Post-election we distilled four key trends that are reshaping Government funding of innovation. And suggest in a very practical way how can business profit from them.

Trend 1:  More money and more complexity

Federal and State Governments invest $10Bn+ annually in science and innovation. This is comparable to other developed economies as a percent of GDP (Ferris, 2017).  Government support for incubators and accelerators backed by VC’s occupies one end of the spectrum.  At the other end funding is available to support established businesses collaborating with research partners.  We see more money being invested from Government and increasing complexity across the innovation programme landscape.

Trend 2:  Growth in funding for research collaborations

Collaborative research funding is becoming the primary litmus test to filter projects that secure grant funding.  The theory is that projects that involve industry-university/research institution partnerships are more likely to address industry challenges that have greater impact and revenue opportunity.  These programmes often require at least 50% matched funding commitment from the applicant or an investor.  

Matched funding has become the standard for most grant programmes.  The presumption is that projects are more likely to be completed and to succeed in the marketplace if the industry participant is financially committed to the project.  This logic cannot be faulted yet does introduce a funding hurdle for businesses with marketable ideas that are cash starved.

Trend 3:  Repositioning the R&D tax incentive

The trend is to refocus the R&D tax incentive to SME businesses that need funding to undertake R&D, and reduce support to larger businesses.  This effects a transition away from self-assessing R&D activities administered through the tax system towards a direct grant process that is competitive and force ranked through a more rigorous selection process that has a clear sector or technology focus.  

Trend 4:  Rise in debt and equity support

The Medical Research Future Fund is the best example.  In early 2019, the Government legislated a $2Bn Australian Business Securitisation Fund to assist business lenders (excluding the four big banks) to improve access to and reduce the price of loans to SMEs.   The Government has also been investigating an Australian Business Growth Fund to allow banks to make long term equity investments in Australian SME’s.  This trend follows overseas trends.  We see this trend accelerating.

We also identified two emerging trends.

Emerging Trend 1:  Growth in sector specific funding

We see the growth of sector specific funding as the next wave in Government innovation policy in line with overseas experience. This is clearly evident in energy (mainly renewable energy) health and medical research, and to a lesser extent in agriculture and manufacturing (for example in Victoria).  As funding programmes become more specific, they tend to focus on short term industry challenges with smaller funding pools that do not shift the dial strategically or on a sector basis.  This is far from ideal.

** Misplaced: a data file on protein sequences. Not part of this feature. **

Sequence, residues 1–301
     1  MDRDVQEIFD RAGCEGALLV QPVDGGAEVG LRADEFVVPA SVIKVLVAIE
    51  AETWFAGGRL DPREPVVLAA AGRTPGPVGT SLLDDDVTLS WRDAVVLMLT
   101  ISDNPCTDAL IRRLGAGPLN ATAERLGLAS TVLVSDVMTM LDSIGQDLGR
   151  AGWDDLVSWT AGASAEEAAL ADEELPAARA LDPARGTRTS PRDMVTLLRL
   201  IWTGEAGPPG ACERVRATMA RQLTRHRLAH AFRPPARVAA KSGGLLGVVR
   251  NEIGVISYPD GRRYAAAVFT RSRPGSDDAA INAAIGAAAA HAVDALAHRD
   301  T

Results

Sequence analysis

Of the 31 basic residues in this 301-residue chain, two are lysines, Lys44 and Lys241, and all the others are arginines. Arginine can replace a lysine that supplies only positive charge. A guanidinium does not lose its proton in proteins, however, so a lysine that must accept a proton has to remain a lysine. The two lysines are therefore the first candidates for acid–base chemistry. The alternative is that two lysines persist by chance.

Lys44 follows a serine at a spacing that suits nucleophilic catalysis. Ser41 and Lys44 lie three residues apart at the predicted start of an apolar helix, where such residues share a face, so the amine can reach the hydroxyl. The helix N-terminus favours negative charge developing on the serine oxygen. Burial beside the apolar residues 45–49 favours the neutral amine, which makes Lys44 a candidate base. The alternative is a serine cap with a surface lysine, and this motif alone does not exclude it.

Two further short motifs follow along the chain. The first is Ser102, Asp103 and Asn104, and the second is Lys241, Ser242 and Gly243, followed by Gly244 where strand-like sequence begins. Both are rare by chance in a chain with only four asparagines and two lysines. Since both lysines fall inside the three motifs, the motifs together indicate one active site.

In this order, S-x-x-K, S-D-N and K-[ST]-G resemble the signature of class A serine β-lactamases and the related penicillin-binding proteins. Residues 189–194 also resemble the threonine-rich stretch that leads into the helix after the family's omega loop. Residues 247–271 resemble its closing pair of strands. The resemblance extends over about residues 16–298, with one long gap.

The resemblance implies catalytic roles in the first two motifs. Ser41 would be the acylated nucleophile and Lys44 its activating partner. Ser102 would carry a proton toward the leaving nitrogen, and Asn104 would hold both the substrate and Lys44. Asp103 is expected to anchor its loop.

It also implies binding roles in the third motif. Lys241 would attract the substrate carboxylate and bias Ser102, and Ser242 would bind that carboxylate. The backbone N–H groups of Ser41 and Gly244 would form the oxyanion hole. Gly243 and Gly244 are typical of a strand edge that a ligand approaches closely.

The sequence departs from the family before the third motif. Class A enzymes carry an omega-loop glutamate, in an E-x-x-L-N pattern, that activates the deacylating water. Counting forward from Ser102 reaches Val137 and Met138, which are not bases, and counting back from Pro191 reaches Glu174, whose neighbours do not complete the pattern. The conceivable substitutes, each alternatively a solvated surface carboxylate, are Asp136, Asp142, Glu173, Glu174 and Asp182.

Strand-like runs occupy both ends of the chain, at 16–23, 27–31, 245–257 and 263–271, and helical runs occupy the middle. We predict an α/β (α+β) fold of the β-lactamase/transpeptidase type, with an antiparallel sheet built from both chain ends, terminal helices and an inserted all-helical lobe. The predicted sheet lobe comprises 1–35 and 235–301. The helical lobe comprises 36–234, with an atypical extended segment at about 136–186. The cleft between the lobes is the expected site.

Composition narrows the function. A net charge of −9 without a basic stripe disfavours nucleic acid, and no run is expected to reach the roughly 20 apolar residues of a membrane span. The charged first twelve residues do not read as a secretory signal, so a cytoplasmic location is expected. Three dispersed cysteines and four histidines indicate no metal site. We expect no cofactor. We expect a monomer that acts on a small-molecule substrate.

Emerging trend 2:  Increasing program overlap

Federal and State funding of innovation directly through central agencies or peripheral agencies often overlap.  Funding criteria are largely uncoordinated, the message to industry is convoluted, and evaluation of funding applications is seen as arbitrary, not transparent.  Funding application timelines from inception to approval or rejection are attenuated and not commercially realistic.  As more Government grant funding is released into the system this trend is likely to accelerate.  The challenge is to develop integrated programs that coordinate better across State borders and invite stronger public-private partnerships.

What is the opportunity for business?

Navigating the Government funding universe has never been easy.  Yet many successful exporters have secured government funding over multiple years.  This relieves the financial pressure when investment decisions are made, when capital is most constrained, and uncertainty of market success is at its peak.  These businesses secure Government funding because they plan to secure it and recognise the value of securing it.  For them the process of planning how they fund their R&D and product development is liberating.  For them planning creates clarity about what they want to achieve (target), how they are going to achieve it (the pathway), how they are going to fund it, and how they are going to measure progress (milestones).  Everything grant assessors need to know to have confidence that they will succeed.  Everyone, even grant assessors, want to back winners.

Are you planning to win?.

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